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NCER Grantee Research Project Results

Quantifying a Fundamental Gap in Ecosystem Service Tradeoffs: Differences Among Native- and Exotic-Dominated Landscapes

EPA Grant Number: FP917227
Title: Quantifying a Fundamental Gap in Ecosystem Service Tradeoffs: Differences Among Native- and Exotic-Dominated Landscapes
Investigators: Martin, Leanne M
Institution: Iowa State University
EPA Project Officer: Jones, Brandon
Project Period: August 1, 2010 through July 31, 2013
Project Amount: $111,000
RFA: STAR Graduate Fellowships (2010)
Research Category: Academic Fellowships , Fellowship - Ecosystem Services: Terrestrial Systems Soil and Plant Ecology

Description:

Objective:

Landscapes exhibit tradeoffs in the amount and extent of ecosystem services provided, and this may be particularly true in grasslands, which are represented by a variety of native- and exotic-dominated species compositions. However, exotic species impacts are typically quantified by looking at only one or a few exotic species invasions into native environments, and ecosystem services of persistent exotic communities, which occur commonly, have not been compared to native communities in working landscapes. This research aims to understand how relative abundances of exotic and native species in grasslands influence multiple ecosystem service tradeoffs between plant species and/or functional group diversity, carbon storage, productivity, and bee pollinator abundances at a landscape scale.

Synopsis:

Grasslands provide multiple ecosystem services essential for human health. However, they are represented by a variety of plant species compositions, and it is not well known how ecosystem services may vary among them. This research aims to understand how relative abundances of exotic and native species in grasslands affect multiple ecosystem service tradeoffs between plant species diversity, carbon storage, productivity, and bee pollinator abundances at a landscape scale.

Approach:

Sampling will take place over 2 years in a latitudinal gradient spanning the tallgrass prairie region of the Great Plains, which is one of the most endangered ecosystems in the world and contains both native- and exotic-dominated grasslands in urban and rural systems. A minimum of 40 grassland sites will be selected and paired according to whether they are dominated by native or exotic species. The proportion of native species, plant species diversity, bee pollinator abundances, and aboveground productivity will be measured at each site to quantify ecosystem service tradeoffs among native- and exotic-dominated grasslands. A meta-analysis will be conducted on soil carbon levels in unplowed (native) and previously plowed (exotic) grasslands to consider carbon storage in the ecosystem service tradeoff framework.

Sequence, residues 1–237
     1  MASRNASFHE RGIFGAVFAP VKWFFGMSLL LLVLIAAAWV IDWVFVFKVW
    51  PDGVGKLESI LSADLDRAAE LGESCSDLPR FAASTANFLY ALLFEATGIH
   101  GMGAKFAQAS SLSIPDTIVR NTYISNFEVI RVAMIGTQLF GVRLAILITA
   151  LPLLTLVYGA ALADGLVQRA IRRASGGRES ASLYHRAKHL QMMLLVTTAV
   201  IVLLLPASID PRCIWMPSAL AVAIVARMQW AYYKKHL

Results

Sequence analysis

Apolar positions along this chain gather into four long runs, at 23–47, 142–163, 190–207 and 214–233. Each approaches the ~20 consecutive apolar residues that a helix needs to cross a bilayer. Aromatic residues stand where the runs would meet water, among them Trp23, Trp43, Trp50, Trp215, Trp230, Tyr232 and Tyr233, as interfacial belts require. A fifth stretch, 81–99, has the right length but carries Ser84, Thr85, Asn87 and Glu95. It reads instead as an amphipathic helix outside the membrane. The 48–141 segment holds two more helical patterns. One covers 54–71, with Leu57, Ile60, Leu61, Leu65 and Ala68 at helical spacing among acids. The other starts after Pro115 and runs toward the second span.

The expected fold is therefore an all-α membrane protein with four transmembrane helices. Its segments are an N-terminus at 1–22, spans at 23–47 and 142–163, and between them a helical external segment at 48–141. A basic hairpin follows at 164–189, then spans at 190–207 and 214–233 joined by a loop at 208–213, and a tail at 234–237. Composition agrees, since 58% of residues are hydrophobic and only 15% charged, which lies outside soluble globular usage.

Expected Results:

Ecosystem service tradeoffs are predicted to differ between exotic- and native-dominated grasslands, and these results could impact landscape-scale management recommendations. Exotic grasslands are predicted to contain lower species and/or functional group diversity, bee pollinator abundances, and soil carbon levels, and higher productivity (ANPP) compared to native grasslands. Conversely, pollinator abundances may be higher in some exotic communities if pollinator generalists are attracted to exotics. Furthermore, exotic/native grasslands (measured as the proportion of natives) may directly affect species/functional group diversity, productivity and pollinators. Alternatively, the proportion of natives could affect productivity and pollinators via the indirect effects of species and/or functional group diversity.

Potential to Further Environmental/Human Health Protection:

Quantifying ecosystem service tradeoffs and direct and indirect effects of exotic and native grasslands on multiple ecosystem services will improve our ability to manage grasslands for these services, and ultimately human and environmental health.

Supplemental Keywords:

exotic species, novel communities, species diversity, ecosystem service, pollinators, carbon storage, productivity,

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The perspectives, information and conclusions conveyed in research project abstracts, progress reports, final reports, journal abstracts and journal publications convey the viewpoints of the principal investigator and may not represent the views and policies of ORD and EPA. Conclusions drawn by the principal investigators have not been reviewed by the Agency.

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